u/participationNTroll · 1 pointr/webdev

Systems Analysis and Design in a Changing World (Sixth Edition) <-- this was the version required for a class

Seventh Edition(?)

This book is free from any programming languages and is instead supposed to aide the development of thinking and planning applications.

murach's SQL Server 2012 for developers <-- required for class

murach's SQL Server 2016

Uses SQL to further enforce "forms" for application data structures.

Professional Test Driven Development with C#: Developing Real World Applications with TDD

Book I purchased during my 4000 project class. Team based project where we had to

  1. To plan out the application using skills from System Analysis and Design.

  2. Create a presentation to show to a client.

  3. Create a manual to help onboard developers.

  4. Create a manual for clients.

  5. design and deploy a database (database schematic included in onboarding manual).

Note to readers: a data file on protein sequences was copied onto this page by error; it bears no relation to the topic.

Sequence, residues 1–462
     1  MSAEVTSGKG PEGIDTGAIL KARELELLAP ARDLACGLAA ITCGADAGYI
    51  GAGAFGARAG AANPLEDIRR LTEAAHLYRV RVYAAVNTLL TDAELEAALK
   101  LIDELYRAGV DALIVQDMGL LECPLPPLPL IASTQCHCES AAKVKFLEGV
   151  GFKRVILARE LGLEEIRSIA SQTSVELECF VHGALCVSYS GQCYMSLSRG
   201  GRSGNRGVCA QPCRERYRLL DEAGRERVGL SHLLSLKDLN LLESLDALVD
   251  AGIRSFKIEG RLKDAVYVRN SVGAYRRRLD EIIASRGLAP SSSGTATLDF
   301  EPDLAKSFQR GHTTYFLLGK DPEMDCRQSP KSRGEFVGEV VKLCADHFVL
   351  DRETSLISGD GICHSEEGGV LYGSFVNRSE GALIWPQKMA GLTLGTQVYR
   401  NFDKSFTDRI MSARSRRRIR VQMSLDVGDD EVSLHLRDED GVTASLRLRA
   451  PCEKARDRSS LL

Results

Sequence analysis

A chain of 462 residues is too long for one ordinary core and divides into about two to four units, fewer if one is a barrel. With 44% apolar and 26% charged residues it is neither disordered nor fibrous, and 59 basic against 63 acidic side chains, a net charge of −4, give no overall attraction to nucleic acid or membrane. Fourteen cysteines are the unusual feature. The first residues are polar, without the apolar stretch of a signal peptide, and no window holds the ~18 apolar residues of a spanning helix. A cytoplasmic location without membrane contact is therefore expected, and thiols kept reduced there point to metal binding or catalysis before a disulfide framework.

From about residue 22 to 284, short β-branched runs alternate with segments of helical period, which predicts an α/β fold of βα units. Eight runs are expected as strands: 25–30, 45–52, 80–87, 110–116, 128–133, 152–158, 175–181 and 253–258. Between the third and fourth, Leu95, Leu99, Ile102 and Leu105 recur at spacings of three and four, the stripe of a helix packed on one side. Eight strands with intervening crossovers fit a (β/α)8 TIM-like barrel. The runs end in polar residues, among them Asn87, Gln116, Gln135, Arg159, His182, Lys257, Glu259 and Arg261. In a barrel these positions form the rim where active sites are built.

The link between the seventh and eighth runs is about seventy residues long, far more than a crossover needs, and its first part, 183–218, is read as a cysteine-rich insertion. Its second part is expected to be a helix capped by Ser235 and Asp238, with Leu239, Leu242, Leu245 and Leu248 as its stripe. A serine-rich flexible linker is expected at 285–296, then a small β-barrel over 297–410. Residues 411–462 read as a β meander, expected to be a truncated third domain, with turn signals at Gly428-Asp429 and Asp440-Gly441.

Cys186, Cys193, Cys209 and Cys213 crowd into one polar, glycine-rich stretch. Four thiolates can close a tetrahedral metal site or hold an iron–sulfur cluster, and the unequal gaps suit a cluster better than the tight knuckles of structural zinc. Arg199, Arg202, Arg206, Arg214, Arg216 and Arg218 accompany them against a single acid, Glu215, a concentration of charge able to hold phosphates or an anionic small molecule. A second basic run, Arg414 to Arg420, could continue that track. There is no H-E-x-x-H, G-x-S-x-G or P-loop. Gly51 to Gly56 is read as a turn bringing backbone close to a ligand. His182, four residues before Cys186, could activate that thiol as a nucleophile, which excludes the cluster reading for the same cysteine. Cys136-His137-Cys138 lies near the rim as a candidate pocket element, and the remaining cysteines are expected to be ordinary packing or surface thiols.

6. Write tests for the application.

  7. Deploy the application to Azure.

    After my research at the time, this book seemed to be the most appropriate for my scenario.

u/petdance · 7 pointsr/vim

I suggest getting a book, since they are typically far more readable.

I first learned Vim with Steve Oualline's book.

More recently, Drew Neil's Practical Vim and Modern Vim are excellent choices.

Your local public library may well have some good books on Vim as well, if not these exact titles.

u/hey-its-matt · 13 pointsr/learnprogramming

Currently learning:

u/dougsec · 1 pointr/computerforensics

Since this is the subreddit for DFIR, that's what you're going to end up with as far as suggestions go. For pentesting stuff, checkout:

-Web Application Hacker's Handbook: (this has some labs, but just reading through the various weaknesses in WebApps will be a great start)

-The Hacker Playbook:

Red Team Field Manual:

Those two are good general pentesting books. You might also try /r/AskNetsec for other suggestions.

u/povilasb · 1 pointr/cpp

I really enjoyed Modern C++ Programming with Test-Driven Development: ( It teaches you TDD and how to write cleaner code using c++11 samples and google mock framework. So it felt like a really modern book :)